Helping women with chronic illnesses

Health Care Reform

President Obama’s health care reform speech to a joint session of Congress on September 9, 2009, in its entirety…

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Reading: Health Care Reform


1 YayaNo Gravatar { 09.10.09 at 5:35 am }

Sounds good.
Seems like our insurance is covering less and less every time I pick up a prescription.
And we’ve had summers where Josh is in between teaching jobs and we have no insurance. Trying to get ourselves insurance without a job was too expensive. So we were forced to buy my medicine at cost which was hundreds of dollars a month. Luckily both times it only lasted the few summer months, but I can’t imagine for people who have to do that all the time.
.-= Yaya´s last blog ..Happy PUPPY Day! =-.

2 JeanneNo Gravatar { 09.10.09 at 9:15 am }


The problems you’ve described are all-too-common. Health insurance prices continue to rise drastically as services are simultaneously cut. It’s disgraceful.

There have been a great many uncovered expenses in our house, despite having insurance. We have also had extended periods where we were on COBRA (paying the full premium at the price the former employer was paying… which is far less than purchasing private insurance elsewhere). Now, we have exhausted the COBRA (18 months)… My husband’s job provides no health benefits whatsoever. None.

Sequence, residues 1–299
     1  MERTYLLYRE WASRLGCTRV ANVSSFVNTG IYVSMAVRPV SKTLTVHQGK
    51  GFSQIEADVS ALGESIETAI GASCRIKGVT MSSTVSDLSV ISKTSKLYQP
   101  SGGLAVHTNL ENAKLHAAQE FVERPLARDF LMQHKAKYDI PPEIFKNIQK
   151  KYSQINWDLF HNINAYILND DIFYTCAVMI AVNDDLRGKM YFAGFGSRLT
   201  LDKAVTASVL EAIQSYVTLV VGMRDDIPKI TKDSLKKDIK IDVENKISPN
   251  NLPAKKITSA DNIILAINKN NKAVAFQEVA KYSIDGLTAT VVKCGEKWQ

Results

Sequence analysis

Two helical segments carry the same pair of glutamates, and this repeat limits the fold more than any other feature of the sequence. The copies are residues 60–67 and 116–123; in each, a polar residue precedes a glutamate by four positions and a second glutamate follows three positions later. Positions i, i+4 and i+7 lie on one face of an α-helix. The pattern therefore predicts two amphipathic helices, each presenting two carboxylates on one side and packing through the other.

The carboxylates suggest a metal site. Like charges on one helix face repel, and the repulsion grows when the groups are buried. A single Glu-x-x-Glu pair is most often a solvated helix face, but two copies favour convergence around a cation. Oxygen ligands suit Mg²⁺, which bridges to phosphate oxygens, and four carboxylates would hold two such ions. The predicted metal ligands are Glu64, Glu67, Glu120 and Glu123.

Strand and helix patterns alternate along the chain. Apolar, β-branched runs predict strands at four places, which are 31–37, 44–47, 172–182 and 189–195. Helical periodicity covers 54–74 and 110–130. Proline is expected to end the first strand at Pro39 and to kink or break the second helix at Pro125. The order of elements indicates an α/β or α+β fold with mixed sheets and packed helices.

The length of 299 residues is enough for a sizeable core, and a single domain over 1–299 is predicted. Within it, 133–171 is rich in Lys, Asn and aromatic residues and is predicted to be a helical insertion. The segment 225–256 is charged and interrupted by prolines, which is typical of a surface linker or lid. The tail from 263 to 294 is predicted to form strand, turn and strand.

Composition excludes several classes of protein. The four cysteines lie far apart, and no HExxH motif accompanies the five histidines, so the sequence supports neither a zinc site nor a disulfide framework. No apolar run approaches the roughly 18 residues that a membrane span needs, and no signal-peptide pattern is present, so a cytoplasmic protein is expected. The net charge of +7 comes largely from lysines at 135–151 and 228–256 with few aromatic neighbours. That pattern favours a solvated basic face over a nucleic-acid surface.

He is a contract worker rather than a direct employee of the large company where he works. So his services get billed through his consulting business. So we are eligible for purchasing private insurance through the Chamber of Commerce the next county over through his consulting firm/DBA. There is no such service in our county or in the county where he works (an hour’s drive away). We were fortunate enough to hear about this method for purchasing health insurance privately via an endometriosis support group member here locally who used to work at that Chamber of Commerce.

So we are actually paying a bit more now than we were on COBRA. It is a great deal of money. In the meantime, our plan has a $1,000 deductible per person, per year, high co-pays, exclusions to what is covered, etc. To make a very long and complicated story short, we have almost lost our home three times now due to medical bills. The system is broken and needs fixing.


P.S. I’m surprised that Josh’s insurance as a teacher stops in the summer! I would have thought that would stay active year-round.

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